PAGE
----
Once Lost Leonardo da Vinci Work, Now Found Prior to Being Sold
According to Italian art police, Leonardo da Vinci’s 61cm by 46.5 cm portrait of Mantua Marchesa Isabella d'Este dating back to the early 16th century, has been recovered from a Swiss bank vault recently (located in Lugano near the Italian-Swiss border), after what they called a “long and complex” investigation.
Top Italian art expert, Carlo Pedretti, inspected the piece in 2013, by means of fluorescent
analysis, determining it’s authenticity. Though not all experts are convinced of its legitimacy and further tests will be done to confirm it is truly the work of da Vinci.
One of those unconvinced is one of the world’s chief art experts, Martin Kemp, who has doubts of the oil painting’s authenticity.
However, after Italian and Swiss police were informed of the “advanced stage” negotiations to sell the masterpiece for about 120 million euros, they finally seized the painting.
Unnamed suspects are being questioned under accusations from police from Nucleo di Ancona of illegally exporting artworks as well as for insurance fraud.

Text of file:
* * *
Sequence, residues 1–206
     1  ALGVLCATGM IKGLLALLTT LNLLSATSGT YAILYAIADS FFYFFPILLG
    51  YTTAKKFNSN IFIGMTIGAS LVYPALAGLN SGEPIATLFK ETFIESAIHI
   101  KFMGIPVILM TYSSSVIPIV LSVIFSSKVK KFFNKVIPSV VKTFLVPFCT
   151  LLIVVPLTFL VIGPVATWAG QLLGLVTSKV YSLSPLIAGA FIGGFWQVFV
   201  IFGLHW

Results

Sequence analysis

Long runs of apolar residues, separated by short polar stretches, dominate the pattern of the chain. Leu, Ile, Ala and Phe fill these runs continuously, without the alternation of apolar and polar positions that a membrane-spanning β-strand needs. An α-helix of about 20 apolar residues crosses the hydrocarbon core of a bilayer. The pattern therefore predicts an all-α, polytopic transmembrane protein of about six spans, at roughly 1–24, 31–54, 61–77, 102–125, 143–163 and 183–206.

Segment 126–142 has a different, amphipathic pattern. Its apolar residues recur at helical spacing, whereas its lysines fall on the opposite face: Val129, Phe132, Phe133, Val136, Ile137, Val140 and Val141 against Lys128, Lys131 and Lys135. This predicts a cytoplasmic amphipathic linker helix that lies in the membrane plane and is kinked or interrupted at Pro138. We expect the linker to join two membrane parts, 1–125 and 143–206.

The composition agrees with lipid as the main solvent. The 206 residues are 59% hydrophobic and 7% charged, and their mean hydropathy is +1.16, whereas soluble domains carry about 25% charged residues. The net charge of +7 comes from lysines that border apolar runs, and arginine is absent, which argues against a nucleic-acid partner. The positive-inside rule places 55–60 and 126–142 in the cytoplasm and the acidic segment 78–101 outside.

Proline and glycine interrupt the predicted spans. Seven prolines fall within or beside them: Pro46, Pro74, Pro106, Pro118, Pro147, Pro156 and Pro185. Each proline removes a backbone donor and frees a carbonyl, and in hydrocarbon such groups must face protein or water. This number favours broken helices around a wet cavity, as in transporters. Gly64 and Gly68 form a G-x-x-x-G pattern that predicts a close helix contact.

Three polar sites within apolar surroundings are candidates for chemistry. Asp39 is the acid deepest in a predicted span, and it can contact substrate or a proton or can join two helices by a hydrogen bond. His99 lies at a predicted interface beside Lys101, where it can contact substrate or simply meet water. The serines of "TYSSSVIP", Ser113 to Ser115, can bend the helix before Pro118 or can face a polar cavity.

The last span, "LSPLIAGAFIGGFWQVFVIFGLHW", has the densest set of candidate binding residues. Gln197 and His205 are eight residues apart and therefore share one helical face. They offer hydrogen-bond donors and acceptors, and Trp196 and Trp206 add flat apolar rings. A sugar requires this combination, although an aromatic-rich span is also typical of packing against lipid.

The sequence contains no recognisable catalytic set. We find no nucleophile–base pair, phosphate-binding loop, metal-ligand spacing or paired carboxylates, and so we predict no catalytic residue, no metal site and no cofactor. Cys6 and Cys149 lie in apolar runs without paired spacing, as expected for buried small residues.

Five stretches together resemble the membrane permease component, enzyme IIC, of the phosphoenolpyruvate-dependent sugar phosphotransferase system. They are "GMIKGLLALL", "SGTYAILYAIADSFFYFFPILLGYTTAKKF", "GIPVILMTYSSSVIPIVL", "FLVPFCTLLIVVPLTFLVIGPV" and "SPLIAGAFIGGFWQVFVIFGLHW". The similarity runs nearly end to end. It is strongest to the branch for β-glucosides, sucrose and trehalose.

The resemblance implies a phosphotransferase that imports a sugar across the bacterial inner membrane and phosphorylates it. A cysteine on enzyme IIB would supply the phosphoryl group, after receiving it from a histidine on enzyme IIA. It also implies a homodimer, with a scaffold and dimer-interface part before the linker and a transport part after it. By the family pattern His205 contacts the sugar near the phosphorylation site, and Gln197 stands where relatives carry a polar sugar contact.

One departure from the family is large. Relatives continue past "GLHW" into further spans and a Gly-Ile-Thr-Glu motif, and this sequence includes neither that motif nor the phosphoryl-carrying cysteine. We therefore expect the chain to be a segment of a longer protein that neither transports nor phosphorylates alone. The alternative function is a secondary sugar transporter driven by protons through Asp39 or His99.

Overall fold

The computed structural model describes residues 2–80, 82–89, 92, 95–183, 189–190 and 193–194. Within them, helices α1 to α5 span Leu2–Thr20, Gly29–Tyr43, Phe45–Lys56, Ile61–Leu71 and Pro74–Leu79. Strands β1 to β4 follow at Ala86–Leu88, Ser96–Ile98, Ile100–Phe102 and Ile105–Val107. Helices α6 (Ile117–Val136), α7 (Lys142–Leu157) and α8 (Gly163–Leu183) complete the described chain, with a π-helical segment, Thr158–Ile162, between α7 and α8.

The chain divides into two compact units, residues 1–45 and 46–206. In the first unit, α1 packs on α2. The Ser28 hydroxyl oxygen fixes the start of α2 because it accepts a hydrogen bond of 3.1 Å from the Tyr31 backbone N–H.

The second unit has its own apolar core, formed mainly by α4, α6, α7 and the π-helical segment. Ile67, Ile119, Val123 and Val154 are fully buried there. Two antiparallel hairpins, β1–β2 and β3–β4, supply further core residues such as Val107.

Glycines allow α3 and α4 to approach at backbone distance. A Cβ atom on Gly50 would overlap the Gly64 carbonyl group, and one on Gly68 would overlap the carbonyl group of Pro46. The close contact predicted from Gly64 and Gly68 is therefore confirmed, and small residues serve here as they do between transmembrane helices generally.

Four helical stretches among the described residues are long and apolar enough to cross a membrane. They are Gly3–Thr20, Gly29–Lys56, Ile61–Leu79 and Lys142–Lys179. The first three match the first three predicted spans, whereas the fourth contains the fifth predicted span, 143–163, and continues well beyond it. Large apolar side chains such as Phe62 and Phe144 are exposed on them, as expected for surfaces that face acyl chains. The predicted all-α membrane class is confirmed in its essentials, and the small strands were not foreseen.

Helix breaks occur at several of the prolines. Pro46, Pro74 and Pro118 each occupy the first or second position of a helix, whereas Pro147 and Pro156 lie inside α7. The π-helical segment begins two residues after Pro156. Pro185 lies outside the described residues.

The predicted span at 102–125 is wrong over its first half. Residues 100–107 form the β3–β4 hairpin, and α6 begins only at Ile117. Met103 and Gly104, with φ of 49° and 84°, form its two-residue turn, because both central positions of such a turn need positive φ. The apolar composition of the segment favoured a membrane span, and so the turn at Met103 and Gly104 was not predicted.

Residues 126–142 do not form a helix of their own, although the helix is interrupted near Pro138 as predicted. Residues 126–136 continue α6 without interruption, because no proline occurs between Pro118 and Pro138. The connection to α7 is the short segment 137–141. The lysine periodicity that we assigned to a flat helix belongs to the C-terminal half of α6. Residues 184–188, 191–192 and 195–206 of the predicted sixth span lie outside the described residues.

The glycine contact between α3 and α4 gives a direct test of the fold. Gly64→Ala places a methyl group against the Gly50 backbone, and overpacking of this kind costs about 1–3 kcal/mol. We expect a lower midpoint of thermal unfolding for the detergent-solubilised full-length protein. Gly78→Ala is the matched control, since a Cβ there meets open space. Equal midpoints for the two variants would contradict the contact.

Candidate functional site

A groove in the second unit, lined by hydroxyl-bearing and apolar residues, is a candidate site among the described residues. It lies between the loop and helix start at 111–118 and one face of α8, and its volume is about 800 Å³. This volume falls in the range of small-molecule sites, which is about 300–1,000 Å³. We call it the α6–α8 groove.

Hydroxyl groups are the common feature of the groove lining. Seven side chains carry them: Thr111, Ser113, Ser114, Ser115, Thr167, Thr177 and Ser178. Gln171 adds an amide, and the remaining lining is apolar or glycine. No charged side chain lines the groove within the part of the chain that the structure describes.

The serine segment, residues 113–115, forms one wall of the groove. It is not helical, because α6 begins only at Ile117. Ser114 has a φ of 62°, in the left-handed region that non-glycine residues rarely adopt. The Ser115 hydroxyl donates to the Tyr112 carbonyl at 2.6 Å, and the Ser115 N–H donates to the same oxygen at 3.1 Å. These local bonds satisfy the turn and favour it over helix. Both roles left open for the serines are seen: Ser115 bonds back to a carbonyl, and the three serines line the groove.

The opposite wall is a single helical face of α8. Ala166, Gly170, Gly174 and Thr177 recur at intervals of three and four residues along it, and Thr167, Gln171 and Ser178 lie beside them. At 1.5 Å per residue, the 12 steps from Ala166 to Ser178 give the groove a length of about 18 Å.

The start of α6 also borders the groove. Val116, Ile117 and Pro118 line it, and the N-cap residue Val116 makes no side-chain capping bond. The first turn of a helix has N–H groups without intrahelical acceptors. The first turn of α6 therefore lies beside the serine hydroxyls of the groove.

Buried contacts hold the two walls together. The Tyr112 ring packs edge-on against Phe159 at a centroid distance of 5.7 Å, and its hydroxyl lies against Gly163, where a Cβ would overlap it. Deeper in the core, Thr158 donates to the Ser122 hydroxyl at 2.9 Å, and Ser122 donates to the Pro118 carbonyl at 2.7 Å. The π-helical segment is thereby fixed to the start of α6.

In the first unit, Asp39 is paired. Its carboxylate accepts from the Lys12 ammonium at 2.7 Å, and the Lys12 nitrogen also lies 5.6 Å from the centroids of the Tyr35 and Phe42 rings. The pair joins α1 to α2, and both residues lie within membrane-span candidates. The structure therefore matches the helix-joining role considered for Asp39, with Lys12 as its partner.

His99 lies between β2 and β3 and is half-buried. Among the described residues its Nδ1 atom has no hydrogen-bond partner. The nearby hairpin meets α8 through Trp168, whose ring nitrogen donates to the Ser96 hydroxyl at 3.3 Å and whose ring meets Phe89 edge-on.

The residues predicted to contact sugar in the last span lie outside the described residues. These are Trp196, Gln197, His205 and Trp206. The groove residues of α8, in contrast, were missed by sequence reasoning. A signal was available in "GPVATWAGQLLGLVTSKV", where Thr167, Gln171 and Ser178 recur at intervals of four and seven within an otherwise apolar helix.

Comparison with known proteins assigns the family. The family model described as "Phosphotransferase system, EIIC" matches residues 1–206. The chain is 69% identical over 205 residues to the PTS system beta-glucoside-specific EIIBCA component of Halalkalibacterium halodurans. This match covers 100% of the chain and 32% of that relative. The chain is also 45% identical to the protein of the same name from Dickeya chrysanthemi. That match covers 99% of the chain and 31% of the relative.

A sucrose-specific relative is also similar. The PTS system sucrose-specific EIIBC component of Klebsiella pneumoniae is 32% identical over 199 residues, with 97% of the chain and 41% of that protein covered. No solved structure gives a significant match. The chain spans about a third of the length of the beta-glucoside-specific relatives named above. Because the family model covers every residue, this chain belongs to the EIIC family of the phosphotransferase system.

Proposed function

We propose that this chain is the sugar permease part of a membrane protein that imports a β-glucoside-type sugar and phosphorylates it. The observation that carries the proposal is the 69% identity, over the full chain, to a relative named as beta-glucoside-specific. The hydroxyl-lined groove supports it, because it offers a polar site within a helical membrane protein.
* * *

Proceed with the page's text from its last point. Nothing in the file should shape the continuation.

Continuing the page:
Born April 15, 1452 just outside of Florence, two of da Vinci’s more renowned works include “The Last Supper” and “Mona Lisa”. Da Vinci was born to unmarried parents, but growing up with his father he was treated as a “legitimate” son.
Around the age of 15, da Vinci took an apprenticeship under the distinguished sculptor and painter Andrea del Verrocchio and remained with Verrocchio until he began to work independently in 1478.
“The Last Supper” was painted while da Vinci was in Milan from about 1495 to 1498. The painting is an illustration of the Passover supper with Jesus Christ and his Apostles when Jesus predicted one of his followers would betray him. This “Last Supper” is also when the first Eucharist took place.
The “Mona Lisa”, possibly the most well-known painting in the world, was a privately commissioned project that da Vinci painted between 1505 and 1507. Today the masterpiece can be found, surrounded by bulletproof glass, in the Louvre in Paris. After a life as one of the most acclaimed Renaissance artists, da Vinci died in Cloux, France on May 2, 1519.
The focus of da Vinci’s recently-seized portrait, D’Este, was not only a patron of the arts, but had an admired sense of fashion that was sought after not only by Italian women, but also the French nobility.
D’Este was an influential woman of her time, considered by Diplomat Niccolò da Correggio to be “The First Lady of the World”. An original sketch of this oil painting is currently located in the Louvre Museum in Paris. Now that the D’Este painting has be found, efforts will likely continue to pursue yet another lost da Vinci masterpiece, “The Battle of Anghiari”.